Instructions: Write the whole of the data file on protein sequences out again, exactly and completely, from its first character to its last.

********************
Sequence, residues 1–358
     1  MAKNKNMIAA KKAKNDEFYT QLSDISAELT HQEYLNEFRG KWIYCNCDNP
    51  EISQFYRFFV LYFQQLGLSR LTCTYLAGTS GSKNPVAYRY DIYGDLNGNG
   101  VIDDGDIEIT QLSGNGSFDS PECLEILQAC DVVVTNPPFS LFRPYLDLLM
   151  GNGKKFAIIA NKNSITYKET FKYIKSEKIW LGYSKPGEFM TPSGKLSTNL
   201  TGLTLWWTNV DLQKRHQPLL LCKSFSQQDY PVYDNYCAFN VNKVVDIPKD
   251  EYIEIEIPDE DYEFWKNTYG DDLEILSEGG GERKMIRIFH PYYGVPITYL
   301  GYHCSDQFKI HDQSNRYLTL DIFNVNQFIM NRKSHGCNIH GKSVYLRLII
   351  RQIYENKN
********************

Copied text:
Sequence, residues 1–358
     1  MAKNKNMIAA KKAKNDEFYT QLSDISAELT HQEYLNEFRG KWIYCNCDNP
    51  EISQFYRFFV LYFQQLGLSR LTCTYLAGTS GSKNPVAYRY DIYGDLNGNG
   101  VIDDGDIEIT QLSGNGSFDS PECLEILQAC DVVVTNPPFS LFRPYLDLLM
   151  GNGKKFAIIA NKNSITYKET FKYIKSEKIW LGYSKPGEFM TPSGKLSTNL
   201  TGLTLWWTNV DLQKRHQPLL LCKSFSQQDY PVYDNYCAFN VNKVVDIPKD
   251  EYIEIEIPDE DYEFWKNTYG DDLEILSEGG GERKMIRIFH PYYGVPITYL
   301  GYHCSDQFKI HDQSNRYLTL DIFNVNQFIM NRKSHGCNIH GKSVYLRLII
   351  RQIYENKN